Plant in the spring after all danger of frost has passed in a location that will receive full sun to partial shade. Space plants 20″ apart in dry to average soil that is well-drained. Plant height 15-18″. All of the sage varieties are drought tolerant, and a great choice for mixed pots.
During the spring and summer months it is good to use a regular liquid fertilizer or light compost mulch for optimal growth. Sage is a perennial in zone 5 and will become quite woody after a year or two so plants should be replaced every four or five years. Cut back severely in the spring before new growth appears.
Attracts bees and butterflies to the garden. Deer resistant.
Sage, Berggarten salvia officinalis ‘Berggarten’
Berggarten Sage has an mounding habit and appearance. The words ‘friendly’ and ‘tidy’ comes to mind when trying to describe this particular Sage, with its soft silver-gray, plump leaves and bushy habit. It is a very lovely and clean variety which requires next to no maintenance and smells wonderfully. Berggarten does not grow quite as tall as other sages. Try putting it in combination with other silvery plants like Wooly Thyme, Silver Helichrysum, or Silver Lemon Thyme.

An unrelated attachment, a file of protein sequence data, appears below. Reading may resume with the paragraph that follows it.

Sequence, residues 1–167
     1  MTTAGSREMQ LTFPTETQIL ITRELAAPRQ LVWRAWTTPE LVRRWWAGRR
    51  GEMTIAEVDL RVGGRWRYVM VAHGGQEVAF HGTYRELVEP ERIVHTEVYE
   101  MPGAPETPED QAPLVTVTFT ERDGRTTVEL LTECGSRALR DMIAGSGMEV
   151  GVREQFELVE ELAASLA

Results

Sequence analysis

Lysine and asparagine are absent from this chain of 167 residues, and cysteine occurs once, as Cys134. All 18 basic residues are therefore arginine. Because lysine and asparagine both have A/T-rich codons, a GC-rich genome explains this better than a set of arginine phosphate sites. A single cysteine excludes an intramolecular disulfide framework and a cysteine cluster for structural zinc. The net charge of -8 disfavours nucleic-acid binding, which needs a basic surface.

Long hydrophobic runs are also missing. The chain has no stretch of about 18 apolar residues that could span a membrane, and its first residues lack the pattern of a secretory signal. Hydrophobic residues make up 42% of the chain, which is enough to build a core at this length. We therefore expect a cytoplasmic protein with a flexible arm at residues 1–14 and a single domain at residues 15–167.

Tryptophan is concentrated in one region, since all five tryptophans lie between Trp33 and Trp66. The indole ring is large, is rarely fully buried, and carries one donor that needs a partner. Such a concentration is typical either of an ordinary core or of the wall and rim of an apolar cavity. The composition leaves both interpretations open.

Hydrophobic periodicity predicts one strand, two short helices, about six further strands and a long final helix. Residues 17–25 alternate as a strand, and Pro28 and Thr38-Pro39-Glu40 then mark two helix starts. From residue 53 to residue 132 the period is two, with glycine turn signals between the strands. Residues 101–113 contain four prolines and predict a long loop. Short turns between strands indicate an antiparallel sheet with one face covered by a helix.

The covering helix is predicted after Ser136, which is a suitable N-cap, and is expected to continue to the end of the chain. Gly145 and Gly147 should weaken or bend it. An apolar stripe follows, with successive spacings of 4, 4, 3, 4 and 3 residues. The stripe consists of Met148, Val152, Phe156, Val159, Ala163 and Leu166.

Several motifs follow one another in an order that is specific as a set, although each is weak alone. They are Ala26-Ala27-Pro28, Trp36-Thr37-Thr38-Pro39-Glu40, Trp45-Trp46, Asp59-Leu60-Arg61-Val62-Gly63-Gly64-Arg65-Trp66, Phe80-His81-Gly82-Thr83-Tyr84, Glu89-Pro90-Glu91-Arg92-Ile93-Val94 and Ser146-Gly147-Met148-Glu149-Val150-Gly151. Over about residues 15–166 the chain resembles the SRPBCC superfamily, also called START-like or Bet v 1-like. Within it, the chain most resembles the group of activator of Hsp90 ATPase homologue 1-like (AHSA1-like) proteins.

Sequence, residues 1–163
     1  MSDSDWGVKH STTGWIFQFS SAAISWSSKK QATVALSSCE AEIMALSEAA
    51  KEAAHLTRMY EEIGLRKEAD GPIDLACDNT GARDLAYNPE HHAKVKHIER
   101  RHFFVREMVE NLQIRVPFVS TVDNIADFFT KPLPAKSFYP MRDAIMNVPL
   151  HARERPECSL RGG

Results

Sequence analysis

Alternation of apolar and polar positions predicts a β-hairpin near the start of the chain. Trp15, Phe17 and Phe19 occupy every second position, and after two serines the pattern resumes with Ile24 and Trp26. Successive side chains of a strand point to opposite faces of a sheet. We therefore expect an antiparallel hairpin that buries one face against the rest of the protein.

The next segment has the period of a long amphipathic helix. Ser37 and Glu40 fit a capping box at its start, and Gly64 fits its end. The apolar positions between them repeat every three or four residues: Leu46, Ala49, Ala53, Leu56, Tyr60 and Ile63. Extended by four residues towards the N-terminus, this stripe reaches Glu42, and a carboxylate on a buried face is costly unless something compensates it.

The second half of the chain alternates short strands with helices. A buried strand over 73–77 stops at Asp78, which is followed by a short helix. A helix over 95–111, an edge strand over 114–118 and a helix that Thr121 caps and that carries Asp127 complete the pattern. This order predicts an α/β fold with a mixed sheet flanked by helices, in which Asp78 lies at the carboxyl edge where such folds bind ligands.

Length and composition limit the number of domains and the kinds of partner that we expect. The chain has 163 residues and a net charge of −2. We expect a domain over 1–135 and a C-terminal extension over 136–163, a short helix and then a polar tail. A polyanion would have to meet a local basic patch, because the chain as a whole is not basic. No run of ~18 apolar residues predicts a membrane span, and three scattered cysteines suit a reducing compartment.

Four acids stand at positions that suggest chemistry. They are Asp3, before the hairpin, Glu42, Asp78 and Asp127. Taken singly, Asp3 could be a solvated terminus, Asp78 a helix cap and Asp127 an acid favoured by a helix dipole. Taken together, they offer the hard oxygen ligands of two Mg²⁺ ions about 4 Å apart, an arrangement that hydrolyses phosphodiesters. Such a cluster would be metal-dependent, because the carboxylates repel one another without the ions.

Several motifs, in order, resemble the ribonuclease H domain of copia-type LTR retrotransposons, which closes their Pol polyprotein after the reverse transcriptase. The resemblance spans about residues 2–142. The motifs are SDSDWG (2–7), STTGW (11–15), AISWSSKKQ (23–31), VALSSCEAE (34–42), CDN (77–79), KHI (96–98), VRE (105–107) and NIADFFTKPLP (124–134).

Sage is the primary flavor in stuffing, which is traditionally prepared during Thanksgiving and Christmas. Its taste is extremely complementary to meats, especially poultry. Sage is delicious with dairy products as well, especially in sauces with eggs, butter, or cheeses. Try adding it to marinades.
To harvest: Fresh is always best. Leaves should be stripped before the Sage plant flowers. If you pinch the flowers off during the growing season, you will be able to harvest more leaves. To store, chop the leaves finely and add a little water, freezing the mixture in ice cube trays. Or mix the finely chopped leaves into softened butter for a delicious spread for bread.
You can also dry the stems by gathering them in bunches, hanging them on drying racks out of direct sunlight. Once completely dry, strip leaves from stems and store in airtight containers. Dried Sage has a stronger flavor, but a different taste, than the fresh.